Article by Bloomberg News,
Desperate times call for desperate measures in Canada’s supply-constrained pot industry.
National Access Cannabis Corp., the country’s largest private marijuana retailer with 17 stores, has a team of five people watching 24/7 for new inventory from Alberta’s provincial regulator, which controls wholesale pot distribution.
“At 3:30 in the morning all of a sudden $4,000 worth of inventory is made available yet in seven minutes it’s drawn down, meaning that other big competitors are doing the same thing,” Mark Goliger, chief executive officer of Ottawa-based NAC, said in a phone interview Friday.
It’s evidence of the severity of the supply shortages that have plagued Canadian cannabis retailers since legalization on Oct. 17. Quebec’s government-controlled retailer has restricted its operating hours to four days a week, while Alberta has temporarily halted the issuance of new retail licenses due to lack of product.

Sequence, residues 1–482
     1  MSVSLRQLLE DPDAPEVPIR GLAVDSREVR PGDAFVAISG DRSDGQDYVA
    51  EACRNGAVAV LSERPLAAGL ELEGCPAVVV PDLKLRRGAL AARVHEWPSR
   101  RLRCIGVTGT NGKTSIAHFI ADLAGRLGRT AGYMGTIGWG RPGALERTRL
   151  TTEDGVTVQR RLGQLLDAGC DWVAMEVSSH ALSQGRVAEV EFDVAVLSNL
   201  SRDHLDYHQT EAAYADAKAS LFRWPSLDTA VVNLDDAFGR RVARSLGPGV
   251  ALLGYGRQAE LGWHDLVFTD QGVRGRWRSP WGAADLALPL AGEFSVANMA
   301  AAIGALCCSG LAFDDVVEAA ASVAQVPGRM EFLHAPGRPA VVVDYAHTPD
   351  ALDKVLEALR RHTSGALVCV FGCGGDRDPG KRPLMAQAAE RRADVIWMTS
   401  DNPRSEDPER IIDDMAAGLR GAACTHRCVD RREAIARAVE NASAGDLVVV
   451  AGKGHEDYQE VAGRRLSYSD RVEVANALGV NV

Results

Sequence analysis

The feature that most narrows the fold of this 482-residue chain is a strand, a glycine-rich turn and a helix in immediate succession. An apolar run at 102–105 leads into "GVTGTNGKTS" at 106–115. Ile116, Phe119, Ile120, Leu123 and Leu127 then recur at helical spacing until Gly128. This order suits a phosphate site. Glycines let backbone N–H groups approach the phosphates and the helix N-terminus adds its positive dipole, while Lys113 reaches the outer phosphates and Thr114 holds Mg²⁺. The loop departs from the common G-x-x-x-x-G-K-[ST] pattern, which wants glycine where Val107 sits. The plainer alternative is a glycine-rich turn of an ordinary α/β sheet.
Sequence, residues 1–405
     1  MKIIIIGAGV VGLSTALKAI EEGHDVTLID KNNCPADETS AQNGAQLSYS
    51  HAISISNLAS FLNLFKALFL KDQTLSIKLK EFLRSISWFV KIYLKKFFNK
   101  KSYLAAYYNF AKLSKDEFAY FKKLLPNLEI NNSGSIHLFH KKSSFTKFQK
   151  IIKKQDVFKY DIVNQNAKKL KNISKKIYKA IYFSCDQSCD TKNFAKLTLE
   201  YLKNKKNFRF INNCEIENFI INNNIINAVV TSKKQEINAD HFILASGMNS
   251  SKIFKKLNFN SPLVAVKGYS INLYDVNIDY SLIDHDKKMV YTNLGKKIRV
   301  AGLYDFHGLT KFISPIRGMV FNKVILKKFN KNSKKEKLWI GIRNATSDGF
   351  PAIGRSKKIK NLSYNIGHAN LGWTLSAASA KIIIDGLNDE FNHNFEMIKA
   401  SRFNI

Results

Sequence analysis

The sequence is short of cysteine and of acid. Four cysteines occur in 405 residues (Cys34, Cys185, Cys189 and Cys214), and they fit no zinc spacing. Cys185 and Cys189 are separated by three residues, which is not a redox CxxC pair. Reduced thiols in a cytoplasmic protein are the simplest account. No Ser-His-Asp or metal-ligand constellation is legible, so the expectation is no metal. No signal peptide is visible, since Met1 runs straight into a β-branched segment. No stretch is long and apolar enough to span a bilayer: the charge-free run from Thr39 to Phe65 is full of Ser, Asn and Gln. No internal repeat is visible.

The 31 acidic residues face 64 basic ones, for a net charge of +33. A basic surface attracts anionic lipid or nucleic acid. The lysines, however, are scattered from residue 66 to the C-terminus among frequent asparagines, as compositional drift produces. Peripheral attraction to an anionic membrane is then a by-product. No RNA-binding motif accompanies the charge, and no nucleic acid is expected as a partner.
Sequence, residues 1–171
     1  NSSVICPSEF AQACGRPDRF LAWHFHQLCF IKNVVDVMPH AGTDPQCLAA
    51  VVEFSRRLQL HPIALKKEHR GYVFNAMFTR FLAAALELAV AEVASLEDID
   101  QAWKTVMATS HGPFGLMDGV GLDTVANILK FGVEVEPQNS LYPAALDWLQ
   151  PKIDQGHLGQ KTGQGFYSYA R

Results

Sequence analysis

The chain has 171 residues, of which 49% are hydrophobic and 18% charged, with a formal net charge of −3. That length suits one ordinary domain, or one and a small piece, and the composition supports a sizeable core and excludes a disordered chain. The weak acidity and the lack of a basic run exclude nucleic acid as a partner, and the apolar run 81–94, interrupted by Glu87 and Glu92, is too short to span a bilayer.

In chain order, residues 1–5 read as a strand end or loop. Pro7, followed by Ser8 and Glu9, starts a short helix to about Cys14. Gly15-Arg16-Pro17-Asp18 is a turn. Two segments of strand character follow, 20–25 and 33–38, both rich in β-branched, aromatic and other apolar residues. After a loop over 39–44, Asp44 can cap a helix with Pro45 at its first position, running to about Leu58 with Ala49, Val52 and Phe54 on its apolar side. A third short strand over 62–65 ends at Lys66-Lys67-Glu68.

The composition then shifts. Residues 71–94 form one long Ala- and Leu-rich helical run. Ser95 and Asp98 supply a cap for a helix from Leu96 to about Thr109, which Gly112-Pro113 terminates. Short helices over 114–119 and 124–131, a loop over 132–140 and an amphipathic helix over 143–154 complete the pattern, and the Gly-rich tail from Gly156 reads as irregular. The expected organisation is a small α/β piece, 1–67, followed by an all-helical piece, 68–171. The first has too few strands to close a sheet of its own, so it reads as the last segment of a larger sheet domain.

This will affect NAC’s plans to have 50 stores open nationally by the end of the year and may result in “cash flow constraints” depending how long the ban lasts, Goliger said. NAC, which operates the Meta and NewLeaf banners, has 13 stores in Alberta and was aiming for 25 by the first quarter of 2019.